Pregnant women less likely to have side effects from COVID vaccine

Pregnant women are less likely to experience side effects from the COVID-19 vaccine than those who aren’t expecting, study finds

  • Pregnant women are less likely to suffer from side effects like fatigue, myalgia, headaches and chills after getting the COVID-19, a new study finds
  • Expectant mothers who did experience side effects were more likely to seek medical care, however
  • Lactating mothers were also found to be less likely to experience vaccine side effects than non-pregnant women
  • The CDC recently urged all pregnant women to get the COVID-19 vaccine to avoid serious complications from the virus

Pregnant women may be less likely to suffer from any side effects after receiving the COVID-19 vaccine, a new study finds. 

Researchers from the University of Washington, in Seattle, compared side effects among expectant mothers to others who were either lactating or were not pregnant.

There are no links between the effectiveness of vaccines and post-vaccination side effects, so the team says the data are not an indicator that the shots are less effective for pregnant women. 

It comes about a week after the Centers for Disease Control and Prevention (CDC) updated its recommendations to urge pregnant women to get jabbed.

Pregnant mothers are less likely to experience side effects from the COVID-19 vaccine than others

The data is revealed after the CDC recommends pregnant women to receive the vaccine. (File Photo)

Researchers, who published their findings in JAMA Network Open on Tuesday, gathered data from over 17,000 participants.

Of the group, 7,770 were pregnant, 6,775 were lactating and 2,886 women who are not and were not recently pregnant were used as a control group.

Almost all participants, 97 percent, experienced at least one symptom after receiving the first dose. 

The most common was pain at the injection site, with 91 percent of women reporting it, and nearly a third – 31 percent – of women said they experienced fatigue.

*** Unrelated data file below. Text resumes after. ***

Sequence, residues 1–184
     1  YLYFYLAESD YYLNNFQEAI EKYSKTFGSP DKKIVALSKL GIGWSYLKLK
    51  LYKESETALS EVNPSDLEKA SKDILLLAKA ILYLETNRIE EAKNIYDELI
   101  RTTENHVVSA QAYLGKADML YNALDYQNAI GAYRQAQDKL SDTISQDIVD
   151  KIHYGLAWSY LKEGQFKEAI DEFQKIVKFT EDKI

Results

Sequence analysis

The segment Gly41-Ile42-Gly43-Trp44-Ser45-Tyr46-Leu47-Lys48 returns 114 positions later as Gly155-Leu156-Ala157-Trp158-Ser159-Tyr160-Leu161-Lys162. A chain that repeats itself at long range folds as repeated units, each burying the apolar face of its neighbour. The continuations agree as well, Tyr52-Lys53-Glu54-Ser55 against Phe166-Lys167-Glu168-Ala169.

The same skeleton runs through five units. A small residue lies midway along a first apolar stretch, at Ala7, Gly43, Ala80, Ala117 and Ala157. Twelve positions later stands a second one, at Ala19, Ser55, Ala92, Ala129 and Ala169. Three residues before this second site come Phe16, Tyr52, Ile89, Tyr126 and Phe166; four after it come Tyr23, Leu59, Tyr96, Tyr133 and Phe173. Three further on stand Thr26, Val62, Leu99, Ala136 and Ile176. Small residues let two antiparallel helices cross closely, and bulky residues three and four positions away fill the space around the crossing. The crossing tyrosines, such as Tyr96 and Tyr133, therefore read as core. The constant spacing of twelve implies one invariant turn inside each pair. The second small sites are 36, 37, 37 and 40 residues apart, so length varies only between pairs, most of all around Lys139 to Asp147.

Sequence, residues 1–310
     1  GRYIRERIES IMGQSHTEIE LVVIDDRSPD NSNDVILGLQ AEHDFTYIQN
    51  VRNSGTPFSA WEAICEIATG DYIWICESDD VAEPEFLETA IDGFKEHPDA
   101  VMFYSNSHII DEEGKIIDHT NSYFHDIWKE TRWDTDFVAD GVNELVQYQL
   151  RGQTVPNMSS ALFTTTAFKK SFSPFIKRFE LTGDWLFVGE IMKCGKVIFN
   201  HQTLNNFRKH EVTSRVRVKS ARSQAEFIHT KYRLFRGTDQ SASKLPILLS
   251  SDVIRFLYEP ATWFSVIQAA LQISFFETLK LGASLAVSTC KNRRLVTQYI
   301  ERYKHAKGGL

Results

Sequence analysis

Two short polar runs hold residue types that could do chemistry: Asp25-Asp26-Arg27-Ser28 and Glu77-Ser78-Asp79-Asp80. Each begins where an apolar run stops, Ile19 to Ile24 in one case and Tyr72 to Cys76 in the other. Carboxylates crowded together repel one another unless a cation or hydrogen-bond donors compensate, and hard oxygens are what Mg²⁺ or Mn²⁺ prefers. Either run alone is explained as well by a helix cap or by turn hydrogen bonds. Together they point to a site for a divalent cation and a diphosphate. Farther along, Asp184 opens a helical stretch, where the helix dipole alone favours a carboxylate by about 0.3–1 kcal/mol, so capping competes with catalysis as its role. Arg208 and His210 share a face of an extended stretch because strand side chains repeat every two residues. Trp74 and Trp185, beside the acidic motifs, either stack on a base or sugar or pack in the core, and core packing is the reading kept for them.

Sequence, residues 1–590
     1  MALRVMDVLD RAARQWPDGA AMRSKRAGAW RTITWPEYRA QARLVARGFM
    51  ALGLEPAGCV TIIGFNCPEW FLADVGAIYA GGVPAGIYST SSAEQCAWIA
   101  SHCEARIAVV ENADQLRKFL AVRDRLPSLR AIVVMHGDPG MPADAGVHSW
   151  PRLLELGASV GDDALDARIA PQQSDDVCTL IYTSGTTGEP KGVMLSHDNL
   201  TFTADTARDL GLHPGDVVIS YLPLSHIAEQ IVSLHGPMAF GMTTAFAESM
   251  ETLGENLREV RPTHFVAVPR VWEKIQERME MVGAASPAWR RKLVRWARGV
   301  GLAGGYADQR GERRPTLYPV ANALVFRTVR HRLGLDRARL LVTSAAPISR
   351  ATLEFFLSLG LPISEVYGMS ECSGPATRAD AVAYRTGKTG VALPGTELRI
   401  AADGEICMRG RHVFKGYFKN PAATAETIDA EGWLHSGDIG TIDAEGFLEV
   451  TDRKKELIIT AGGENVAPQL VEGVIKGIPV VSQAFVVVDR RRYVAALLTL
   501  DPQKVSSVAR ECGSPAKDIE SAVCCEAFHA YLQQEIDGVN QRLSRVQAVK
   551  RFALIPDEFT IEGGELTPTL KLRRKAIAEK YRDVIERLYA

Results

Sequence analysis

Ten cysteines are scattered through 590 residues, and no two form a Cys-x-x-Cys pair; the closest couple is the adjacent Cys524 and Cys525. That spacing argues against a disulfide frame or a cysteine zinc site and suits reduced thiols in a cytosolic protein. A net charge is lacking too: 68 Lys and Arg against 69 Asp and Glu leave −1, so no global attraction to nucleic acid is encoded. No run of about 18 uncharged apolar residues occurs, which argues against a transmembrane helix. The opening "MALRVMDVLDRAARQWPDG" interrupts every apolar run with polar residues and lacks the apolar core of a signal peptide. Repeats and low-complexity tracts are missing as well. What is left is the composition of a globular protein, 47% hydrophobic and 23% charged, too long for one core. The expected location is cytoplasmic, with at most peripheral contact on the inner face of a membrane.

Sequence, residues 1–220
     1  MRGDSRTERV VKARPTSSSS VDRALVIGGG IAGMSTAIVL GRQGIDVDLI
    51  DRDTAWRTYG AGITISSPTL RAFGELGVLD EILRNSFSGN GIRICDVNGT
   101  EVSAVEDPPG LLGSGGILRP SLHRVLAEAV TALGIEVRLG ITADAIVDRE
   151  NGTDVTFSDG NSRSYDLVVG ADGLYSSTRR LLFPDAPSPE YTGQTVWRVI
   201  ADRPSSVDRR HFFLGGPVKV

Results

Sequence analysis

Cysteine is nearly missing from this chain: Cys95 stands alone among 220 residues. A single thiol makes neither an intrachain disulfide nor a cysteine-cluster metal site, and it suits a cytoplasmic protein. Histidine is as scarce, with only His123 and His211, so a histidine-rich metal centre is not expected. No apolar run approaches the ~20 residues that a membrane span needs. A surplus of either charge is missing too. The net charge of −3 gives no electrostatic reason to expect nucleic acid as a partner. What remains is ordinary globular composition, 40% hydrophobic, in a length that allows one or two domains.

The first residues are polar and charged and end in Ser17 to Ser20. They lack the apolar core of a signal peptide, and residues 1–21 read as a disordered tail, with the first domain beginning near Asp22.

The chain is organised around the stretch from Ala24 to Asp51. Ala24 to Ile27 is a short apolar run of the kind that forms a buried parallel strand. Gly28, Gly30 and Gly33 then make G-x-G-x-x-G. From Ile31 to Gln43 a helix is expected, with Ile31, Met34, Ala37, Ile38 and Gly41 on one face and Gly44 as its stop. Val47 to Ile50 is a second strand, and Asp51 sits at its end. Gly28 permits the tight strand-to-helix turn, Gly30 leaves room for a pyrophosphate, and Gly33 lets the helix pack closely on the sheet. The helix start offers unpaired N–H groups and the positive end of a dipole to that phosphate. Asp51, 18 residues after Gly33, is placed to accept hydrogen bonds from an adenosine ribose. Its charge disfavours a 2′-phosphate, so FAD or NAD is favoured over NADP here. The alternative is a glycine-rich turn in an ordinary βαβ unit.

Pain at injection site was also the symptom that remained the most stable across each of the three groups after both doses, with around 90 percent of women reporting the symptom each time.   

Pregnant women were less likely to experience other side effects, however.  

Around 30 percent of the 499 women in the study who reported a fever after receiving the first dose of the vaccine were pregnant – a smaller share than the 45 percent of the study they make up overall.

Pregnant women accounted for 32 percent of those who reported fevers after the second dose.

They were also less likely to experience fatigue, myalgia, headaches and chills after the vaccine.

Lactating mothers were also less likely to experience these side effects than the control group, though still more than the pregnant group. 

Pregnant women who did experience side effects of the vaccine were more likely to seek out medical treatment, though.

Half of the 100 patients who went to a hospital due to side effects of the first dose were pregnant, and and 156 out of the 221 women who went for treatment after the second dose were pregnant as well.

It is unsure whether this means that pregnant women experienced more severe side effects or if they were being more cautious with their health due to the pregnancy.   

The reason pregnant women and lactating women experience side effects at a lower rate can not be determined, but it is a welcoming prospect.

The CDC recently recommended that pregnant women receive the COVID-19 vaccine as soon as they can.

Previously, the agency said expectant mothers were eligible for the vaccine but were not fully recommended to receive it due to uncertainties over potential long-term effects.

Researchers have determined there are no common negative long-term effects of the vaccine for pregnant women, and chose to give the green light last week. 

Pregnant women are also urged to get vaccinated by health officials because they are more likely to suffer a severe case of the COVID-19 that can result in hospitalization or death.

A recent study also found that women who contract Covid at some point during pregnancy are more likely to give birth prematurely.

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